When I reflect back on 2016 I have mixed feelings. Although I’ll always be grateful to this year for giving us our Quincy Q, it was a really tough one overall. It started off with a scary delivery and stay in the NICU, followed by months of colic and even more months of reflux, very little sleep, not nearly enough dates with my husband (I think we’ve had two), and a blur of motherhood living in survival mode. For basically the entire year. It took most of the year for me to get Quincy feeling better and then catch up on life and to get a handle on the whole “3 kids” thing. It has been the most physically exhausting and mentally draining year of my life. So I’m going to try to give myself some attention in 2017. I need to eat better, find some time to exercise, and get more sleep for starters. Also, I really really need to stop drinking Coke (my favorite thing) and drink water instead. If I somehow manage to accomplish those things I also want to give myself more grace — expect less of myself and put less pressure on myself to do it all. Those things will be what I work on first. But these are my goals for myself and my family to work on throughout the year.
My Goals for 2017
Getting family photos taken is something I used to look forward to, but as we’ve had more children it has become a miracle to get all five of us in one frame. Figuring out what we will all wear (especially me, especially with my still very postpartum body that doesn’t quite fit into most of my things), picking a spot that is nice for photos but not so interesting that our boys will want to play or explore rather than have their photo taken, and picking a time where everyone is in the mood to smile (or at least not meltdown) — it is no easy feat! I usually leave thinking “there is no way we got one usable holiday card photo.” But my friend Jennifer Roper always works her magic and is able to not only get great photos, but capture our family and each boy’s personality just as it is. She freezes that stage of our family in her beautiful photographs, and I know that (not our outfits or the smiles or the setting) is what I’ll cherish most in years to come.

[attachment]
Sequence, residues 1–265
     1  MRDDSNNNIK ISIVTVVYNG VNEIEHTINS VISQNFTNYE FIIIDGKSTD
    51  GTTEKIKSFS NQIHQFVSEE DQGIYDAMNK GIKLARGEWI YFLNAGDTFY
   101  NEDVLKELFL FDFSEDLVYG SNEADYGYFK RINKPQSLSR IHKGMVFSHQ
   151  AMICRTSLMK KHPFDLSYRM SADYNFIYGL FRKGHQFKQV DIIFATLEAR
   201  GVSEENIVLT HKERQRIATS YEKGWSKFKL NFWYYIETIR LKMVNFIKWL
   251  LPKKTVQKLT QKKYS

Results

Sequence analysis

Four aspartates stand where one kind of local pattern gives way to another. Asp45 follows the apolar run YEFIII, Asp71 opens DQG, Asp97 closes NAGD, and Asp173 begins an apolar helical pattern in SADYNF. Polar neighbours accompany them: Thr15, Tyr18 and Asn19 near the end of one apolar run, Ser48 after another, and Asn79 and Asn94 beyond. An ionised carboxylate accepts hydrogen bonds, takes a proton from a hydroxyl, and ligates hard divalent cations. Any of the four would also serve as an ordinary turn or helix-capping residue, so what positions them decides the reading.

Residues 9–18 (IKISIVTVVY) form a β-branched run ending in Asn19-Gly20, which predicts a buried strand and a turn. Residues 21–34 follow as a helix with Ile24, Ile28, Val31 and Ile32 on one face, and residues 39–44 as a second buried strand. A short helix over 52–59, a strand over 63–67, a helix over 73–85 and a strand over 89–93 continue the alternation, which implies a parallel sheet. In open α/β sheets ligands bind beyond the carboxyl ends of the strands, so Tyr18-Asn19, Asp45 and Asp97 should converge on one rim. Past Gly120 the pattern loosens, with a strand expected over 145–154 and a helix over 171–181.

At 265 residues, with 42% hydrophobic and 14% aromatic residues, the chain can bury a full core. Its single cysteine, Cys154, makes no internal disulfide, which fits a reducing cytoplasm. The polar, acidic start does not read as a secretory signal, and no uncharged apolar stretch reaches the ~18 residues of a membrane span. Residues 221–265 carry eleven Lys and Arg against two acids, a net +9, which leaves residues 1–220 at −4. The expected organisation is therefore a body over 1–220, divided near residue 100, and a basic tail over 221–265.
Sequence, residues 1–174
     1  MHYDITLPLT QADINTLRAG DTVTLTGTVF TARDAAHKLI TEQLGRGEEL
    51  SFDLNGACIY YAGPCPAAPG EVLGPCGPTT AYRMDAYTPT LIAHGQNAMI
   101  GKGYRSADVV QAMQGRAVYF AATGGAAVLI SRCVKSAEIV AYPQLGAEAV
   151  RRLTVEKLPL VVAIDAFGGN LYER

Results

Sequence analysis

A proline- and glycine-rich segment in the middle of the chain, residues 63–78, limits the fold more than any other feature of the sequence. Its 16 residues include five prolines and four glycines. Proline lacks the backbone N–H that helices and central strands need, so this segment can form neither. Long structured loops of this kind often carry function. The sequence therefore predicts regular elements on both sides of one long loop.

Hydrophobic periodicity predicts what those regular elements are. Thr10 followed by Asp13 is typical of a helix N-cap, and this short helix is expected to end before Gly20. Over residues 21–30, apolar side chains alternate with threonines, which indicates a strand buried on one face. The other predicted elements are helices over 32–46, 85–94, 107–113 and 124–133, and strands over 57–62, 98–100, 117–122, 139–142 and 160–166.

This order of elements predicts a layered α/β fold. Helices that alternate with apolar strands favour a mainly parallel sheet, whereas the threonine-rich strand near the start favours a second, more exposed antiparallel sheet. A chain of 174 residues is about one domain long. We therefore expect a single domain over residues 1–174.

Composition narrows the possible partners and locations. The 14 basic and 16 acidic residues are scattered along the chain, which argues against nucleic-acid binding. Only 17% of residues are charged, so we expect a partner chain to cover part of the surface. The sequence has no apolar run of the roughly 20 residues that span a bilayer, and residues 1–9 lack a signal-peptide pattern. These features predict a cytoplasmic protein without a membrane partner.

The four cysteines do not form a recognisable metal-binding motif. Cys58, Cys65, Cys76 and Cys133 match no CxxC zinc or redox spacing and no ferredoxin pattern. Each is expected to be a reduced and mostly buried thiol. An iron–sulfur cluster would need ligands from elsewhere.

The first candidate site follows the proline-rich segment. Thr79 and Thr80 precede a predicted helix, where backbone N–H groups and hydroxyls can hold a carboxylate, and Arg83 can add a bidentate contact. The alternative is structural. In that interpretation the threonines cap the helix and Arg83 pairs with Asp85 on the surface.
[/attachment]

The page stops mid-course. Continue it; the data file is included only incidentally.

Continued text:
I don’t know what it is that I love so much about Christmas trees. I think so much of it is tied to memories — memories of decorating our tree as a kid, memories of where and when we bought an ornament in our collection, sharing stories with our kids about them. Growing up in a small town in Ohio, we always went to a Christmas tree farm and selected the tree we wanted. They would put a tag on it with our name and then we would go back a few weeks later and chop it down, bring it home, and decorate it as a family. I loved that ritual of going with my dad to pick out our tree.
As an adult I always wanted to have a real tree, but since we had kids and because we live in a city (where tree hunting consists of picking one out in a parking lot) we decided to start using an artificial tree. As much as I have always been a tree purist, insisting that real is the only way, I now realize how much easier it is to have an artificial tree. Especially when you have really small children! No water, no needles everywhere, no fear of the tree drying out. After our old pre-lit artificial tree from the past 6 years died, we considered going back to real. I love the look of a real tree. But I’ve been spoiled by the convenience and lack of mess of artificial trees.